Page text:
1962 was a very eventful year in world history; there was a coup and a counter coup in the Dominican Republic, ‘The Incredible Hulk #1’ by Stan Lee and Jack Kerby made its debut.
Rwanda, Burundi and Algeria, gained independence, Telstar relayed the first live trains Atlantic television signal, actress Marilyn Monroe died, Nelson Mandela was arrested in Howick, Spider man made his first appearance in Marvel Comics, James Merideth registered at the University of Mississippi, escorted by federal marshals, and the Soviet Union and the United States almost started WW3 and Armageddon during the Cuban missile crises.
1962 was also the year Trinidad and Tobago gained independence from Great Britain, and it is the year 1962 that Massassination will start its exploration of the past 50 years of the Trinidad and Tobago Carnival, in the ‘Time Machine’.
|TIME MACHINE DESTINATION :1962|
Examining the Carnivals of the past we can tell a lot about the society of the time, listening to the calypso’s of the period, especially social commentary we can form a picture of the society, and the issues that affected it during any given year. Looking at the mas bands at the time and the themes that were mostly historical, it is possible to ascertain that the question of identity racial, social, and global held precedence on the minds of bandleaders, mas men (carnival artist), and the masqueraders, (the wider population).
|Coat of Arms of the Federation.|
The Trinidad and Tobago carnival of 1962 was preceded by a period of great change in the region. The British West Indian colonies saw their first real attempt at political integration in 1958 with the idea of being a single independent state, ‘The West Indies Federation’, however dramatically collapse before their eyes in January1962. This collapse saw Islands like Jamaica and Trinidad then perusing individual independence for their people that was achieved later that year, and signified a new era of nationalism, self determination, and national identity.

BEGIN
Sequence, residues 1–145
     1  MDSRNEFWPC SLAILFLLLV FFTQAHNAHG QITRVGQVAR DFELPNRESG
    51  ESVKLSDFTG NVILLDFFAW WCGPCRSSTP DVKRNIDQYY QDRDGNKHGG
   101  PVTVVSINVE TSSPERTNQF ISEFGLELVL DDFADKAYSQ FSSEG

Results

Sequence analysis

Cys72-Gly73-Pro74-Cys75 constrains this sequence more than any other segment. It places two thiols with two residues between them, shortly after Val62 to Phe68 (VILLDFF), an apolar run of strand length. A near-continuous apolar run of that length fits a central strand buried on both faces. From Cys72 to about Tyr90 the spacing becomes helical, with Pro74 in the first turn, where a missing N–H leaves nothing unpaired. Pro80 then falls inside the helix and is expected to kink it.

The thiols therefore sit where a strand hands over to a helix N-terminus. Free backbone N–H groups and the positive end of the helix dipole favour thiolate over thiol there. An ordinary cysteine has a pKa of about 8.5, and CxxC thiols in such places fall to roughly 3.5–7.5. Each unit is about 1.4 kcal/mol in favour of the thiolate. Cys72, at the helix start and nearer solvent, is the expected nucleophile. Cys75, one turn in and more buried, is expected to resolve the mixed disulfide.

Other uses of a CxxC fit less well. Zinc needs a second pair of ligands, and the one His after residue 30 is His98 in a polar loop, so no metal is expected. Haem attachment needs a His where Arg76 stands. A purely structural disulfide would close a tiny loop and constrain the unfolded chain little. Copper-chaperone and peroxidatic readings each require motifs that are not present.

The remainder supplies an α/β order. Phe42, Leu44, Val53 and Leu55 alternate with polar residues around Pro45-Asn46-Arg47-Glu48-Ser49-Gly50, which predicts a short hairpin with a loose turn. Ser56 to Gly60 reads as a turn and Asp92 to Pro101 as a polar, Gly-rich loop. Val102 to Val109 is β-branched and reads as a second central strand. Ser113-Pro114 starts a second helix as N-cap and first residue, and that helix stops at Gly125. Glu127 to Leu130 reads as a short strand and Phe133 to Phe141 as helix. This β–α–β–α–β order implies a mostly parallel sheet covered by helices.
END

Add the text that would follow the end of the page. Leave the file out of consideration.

Carnival 1962: March, 5th & 6th.
Queen of the Bands:
|Esther Theodore: Queen of the bands 1962 .|
The Carnivals of Trinidad and Tobago.
Dimanche Gras on the 4th of March 1962, and saw the crowning of Esther Theodore, as the ‘Queen Of The Bands’, Theodore, who won the very first queen of the bands competition in 1959, won again in 1962 portraying ‘Cleopatra’ from Mack Copeland’s band ‘Glory of the Pharaohs’. A King of the bands completion did not take place till 1963.
“The prize included a trip to the in New York, a prize donated by Hilton Hotel as part of its promotion drive for the newly built Trinidad Hilton hotel.
Of that trip, Theodore said, “When I went on the trip I became an ambassador for Trinidad and Tobago in the field of Carnival. It was the first time Carnival was played in New York. I had to visit several places to introduce Carnival as a tourist attraction. One of the finest places I visited was St Nicholas Arena.”
The costume she wore on that occasion was described as a masterpiece. It was designed to fit a regal figure with a train 16 yards long and embroidered with symbols of Egyptian royalty and lotus flowers representing the “sun dance”.
There were also sacred emblems of the hawk, cobras and papyrus writings.” (Louis B Homer)
The Calypso King competition saw the King of 1961 The Mighty Dougla; face the challenge of an already 2 time winner The Mighty Sparrow, The Mighty fighter, Lord Blakie, Nat Hepburn, Lord Cristo, Young Killer, Young Creole, and Lord Superior. (Michael Anthony pg 328)